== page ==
NC Poet Laureate speaks at College of Education

Dr.+Tiffany+Gilbert%2C+left%2C+and+Jacki+Shelton+Green%2C+right%2C+at+Green%27s+Q%26A+forum+at+the+Watson+College+of+Education+on+Wednesday.
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NC Poet Laureate speaks at College of Education

Dr. Tiffany Gilbert, left, and Jacki Shelton Green, right, at Green's Q&A forum at the Watson College of Education on Wednesday.

Dr. Tiffany Gilbert, left, and Jacki Shelton Green, right, at Green's Q&A forum at the Watson College of Education on Wednesday.

Fairley Lloyd

Dr. Tiffany Gilbert, left, and Jacki Shelton Green, right, at Green's Q&A forum at the Watson College of Education on Wednesday.

Fairley Lloyd

Fairley Lloyd

Dr. Tiffany Gilbert, left, and Jacki Shelton Green, right, at Green's Q&A forum at the Watson College of Education on Wednesday.

Fairley Lloyd, Assistant News Editor

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“What is the geography inside of us? What are the containers we are writing out of or building art from inside of us?”

North Carolina Poet Laureate Jacki Shelton Green spoke on Wednesday at UNC Wilmington’s Watson College of Education in a Q&A style forum session. The event was sponsored by the UNCW Upperman African-American Cultural Center, the Department of English, and several other university departments as part of programming for Black History Month.

The forum questions were led by Tiffany Gilbert, chairwoman of the Department of English.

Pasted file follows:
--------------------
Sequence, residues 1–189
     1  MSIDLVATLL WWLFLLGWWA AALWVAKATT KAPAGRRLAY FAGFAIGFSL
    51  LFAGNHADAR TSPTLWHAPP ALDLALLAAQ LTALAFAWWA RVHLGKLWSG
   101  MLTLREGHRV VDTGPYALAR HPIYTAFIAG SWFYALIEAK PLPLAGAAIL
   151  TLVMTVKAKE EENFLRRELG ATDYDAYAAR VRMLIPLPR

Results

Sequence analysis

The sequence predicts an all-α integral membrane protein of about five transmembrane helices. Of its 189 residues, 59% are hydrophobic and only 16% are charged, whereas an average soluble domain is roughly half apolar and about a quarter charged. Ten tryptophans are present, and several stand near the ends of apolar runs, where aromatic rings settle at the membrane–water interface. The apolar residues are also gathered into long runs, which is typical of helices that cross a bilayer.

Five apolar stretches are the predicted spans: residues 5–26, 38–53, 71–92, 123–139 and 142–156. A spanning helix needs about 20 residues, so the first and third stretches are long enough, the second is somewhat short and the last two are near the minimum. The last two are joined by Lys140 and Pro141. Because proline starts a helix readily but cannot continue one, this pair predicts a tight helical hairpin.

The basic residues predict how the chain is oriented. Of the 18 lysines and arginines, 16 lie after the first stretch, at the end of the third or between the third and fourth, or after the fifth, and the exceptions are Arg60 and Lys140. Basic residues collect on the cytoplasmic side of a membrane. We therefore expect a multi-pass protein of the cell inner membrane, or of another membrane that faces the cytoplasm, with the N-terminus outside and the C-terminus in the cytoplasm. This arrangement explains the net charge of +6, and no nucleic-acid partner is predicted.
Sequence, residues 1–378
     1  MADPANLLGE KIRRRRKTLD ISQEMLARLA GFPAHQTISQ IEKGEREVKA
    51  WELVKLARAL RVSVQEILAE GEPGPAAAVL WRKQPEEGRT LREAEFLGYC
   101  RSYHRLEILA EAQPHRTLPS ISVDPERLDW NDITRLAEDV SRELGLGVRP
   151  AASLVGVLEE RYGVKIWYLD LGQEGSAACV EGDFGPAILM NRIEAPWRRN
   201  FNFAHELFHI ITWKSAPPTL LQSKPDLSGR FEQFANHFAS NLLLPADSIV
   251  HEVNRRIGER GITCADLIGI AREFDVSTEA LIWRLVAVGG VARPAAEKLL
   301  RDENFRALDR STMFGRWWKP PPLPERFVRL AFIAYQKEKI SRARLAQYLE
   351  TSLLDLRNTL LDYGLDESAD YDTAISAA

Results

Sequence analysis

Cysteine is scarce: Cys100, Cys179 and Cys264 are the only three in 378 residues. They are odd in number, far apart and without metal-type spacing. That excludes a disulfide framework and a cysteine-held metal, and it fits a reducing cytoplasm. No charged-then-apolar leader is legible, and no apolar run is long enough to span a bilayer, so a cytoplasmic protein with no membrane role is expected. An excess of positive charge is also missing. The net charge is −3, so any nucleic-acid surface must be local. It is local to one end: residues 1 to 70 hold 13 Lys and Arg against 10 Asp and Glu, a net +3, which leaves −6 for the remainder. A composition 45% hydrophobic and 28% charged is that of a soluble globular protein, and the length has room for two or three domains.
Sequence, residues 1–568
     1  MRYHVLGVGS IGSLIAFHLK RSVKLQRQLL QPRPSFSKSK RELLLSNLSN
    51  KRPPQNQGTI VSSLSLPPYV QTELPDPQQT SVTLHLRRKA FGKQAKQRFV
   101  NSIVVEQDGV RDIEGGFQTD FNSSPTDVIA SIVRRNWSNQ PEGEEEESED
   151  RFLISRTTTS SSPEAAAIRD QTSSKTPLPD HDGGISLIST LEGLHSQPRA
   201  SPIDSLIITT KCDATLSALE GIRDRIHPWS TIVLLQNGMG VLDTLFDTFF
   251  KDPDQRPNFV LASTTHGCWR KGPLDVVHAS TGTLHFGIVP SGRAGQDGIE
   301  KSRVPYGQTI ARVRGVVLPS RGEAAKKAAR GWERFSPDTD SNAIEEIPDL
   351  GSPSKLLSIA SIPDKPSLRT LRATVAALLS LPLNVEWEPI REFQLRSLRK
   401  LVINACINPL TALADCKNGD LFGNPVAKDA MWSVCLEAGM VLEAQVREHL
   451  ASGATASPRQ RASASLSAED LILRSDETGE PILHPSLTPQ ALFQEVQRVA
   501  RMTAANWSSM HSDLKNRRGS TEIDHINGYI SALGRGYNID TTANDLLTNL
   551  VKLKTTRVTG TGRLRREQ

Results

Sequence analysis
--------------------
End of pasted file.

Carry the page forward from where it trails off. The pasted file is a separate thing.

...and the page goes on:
Most of Gilbert’s questions regarded the inspiration behind Green’s work, which Green said reflects her experiences as the “oddball” out.

“I think about the places where I want to belong, and I create them in my writing,” Green said.

Her feelings of isolation were exacerbated by her involvement in the Civil Rights Movement, a movement her parents had been involved. Green faced extensive pushback from white teachers and parents who were against the desegregation of North Carolina schools in the 1970s.

At one point, during a protest, Green was kicked out of school.

For Green, writing has been a tool for her to express her emotions, thoughts, and values. Her passion and dedication to her art have led her to several publications, accolades, and, most recently, appointed as the first African-American poet laureate in North Carolina.

Green’s main goal is to write poetry that does not only reach out to other black women or southerners like herself, but to everyone.

“For me, the ‘human code,’ the landscape for humanity, is home,” Green said. “At the end of the day, home has to be where we can coexist. I strive to write poetry where people can see themselves inside of that way, even if the landscape doesn’t look like theirs.”

Green’s works include “Mask,” “Dead on Arrival,” and “Feeding the Light.”